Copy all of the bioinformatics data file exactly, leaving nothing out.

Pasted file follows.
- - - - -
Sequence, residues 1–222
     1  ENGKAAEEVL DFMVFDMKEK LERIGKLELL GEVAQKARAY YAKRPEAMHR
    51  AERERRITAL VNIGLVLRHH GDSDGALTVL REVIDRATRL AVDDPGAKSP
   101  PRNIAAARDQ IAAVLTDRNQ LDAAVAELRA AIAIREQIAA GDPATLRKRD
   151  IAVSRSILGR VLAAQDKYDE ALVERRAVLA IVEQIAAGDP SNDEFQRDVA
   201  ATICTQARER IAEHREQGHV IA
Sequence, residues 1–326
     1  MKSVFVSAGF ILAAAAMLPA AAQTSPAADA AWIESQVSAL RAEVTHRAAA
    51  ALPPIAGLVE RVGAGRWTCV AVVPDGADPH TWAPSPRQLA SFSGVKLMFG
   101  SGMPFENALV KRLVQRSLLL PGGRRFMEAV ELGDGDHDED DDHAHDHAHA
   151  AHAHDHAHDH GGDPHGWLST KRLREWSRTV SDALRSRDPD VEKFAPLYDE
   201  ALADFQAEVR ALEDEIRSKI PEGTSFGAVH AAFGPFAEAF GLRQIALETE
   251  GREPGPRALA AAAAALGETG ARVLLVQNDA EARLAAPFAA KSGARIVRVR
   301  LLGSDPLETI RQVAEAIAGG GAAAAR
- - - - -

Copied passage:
Sequence, residues 1–222
     1  ENGKAAEEVL DFMVFDMKEK LERIGKLELL GEVAQKARAY YAKRPEAMHR
    51  AERERRITAL VNIGLVLRHH GDSDGALTVL REVIDRATRL AVDDPGAKSP
   101  PRNIAAARDQ IAAVLTDRNQ LDAAVAELRA AIAIREQIAA GDPATLRKRD
   151  IAVSRSILGR VLAAQDKYDE ALVERRAVLA IVEQIAAGDP SNDEFQRDVA
   201  ATICTQARER IAEHREQGHV IA
Sequence, residues 1–326
     1  MKSVFVSAGF ILAAAAMLPA AAQTSPAADA AWIESQVSAL RAEVTHRAAA
    51  ALPPIAGLVE RVGAGRWTCV AVVPDGADPH TWAPSPRQLA SFSGVKLMFG
   101  SGMPFENALV KRLVQRSLLL PGGRRFMEAV ELGDGDHDED DDHAHDHAHA
   151  AHAHDHAHDH GGDPHGWLST KRLREWSRTV SDALRSRDPD VEKFAPLYDE
   201  ALADFQAEVR ALEDEIRSKI PEGTSFGAVH AAFGPFAEAF GLRQIALETE
   251  GREPGPRALA AAAAALGETG ARVLLVQNDA EARLAAPFAA KSGARIVRVR
   301  LLGSDPLETI RQVAEAIAGG GAAAAR